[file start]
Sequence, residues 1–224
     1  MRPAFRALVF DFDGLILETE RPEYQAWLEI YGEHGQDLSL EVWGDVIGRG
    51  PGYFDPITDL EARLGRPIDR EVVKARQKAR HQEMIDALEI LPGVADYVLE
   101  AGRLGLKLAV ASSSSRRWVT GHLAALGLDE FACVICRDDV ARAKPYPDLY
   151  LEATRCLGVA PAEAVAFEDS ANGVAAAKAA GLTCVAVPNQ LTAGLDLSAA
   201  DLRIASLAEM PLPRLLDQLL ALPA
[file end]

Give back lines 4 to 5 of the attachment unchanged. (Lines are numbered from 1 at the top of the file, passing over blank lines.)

   101  AGRLGLKLAV ASSSSRRWVT GHLAALGLDE FACVICRDDV ARAKPYPDLY
   151  LEATRCLGVA PAEAVAFEDS ANGVAAAKAA GLTCVAVPNQ LTAGLDLSAA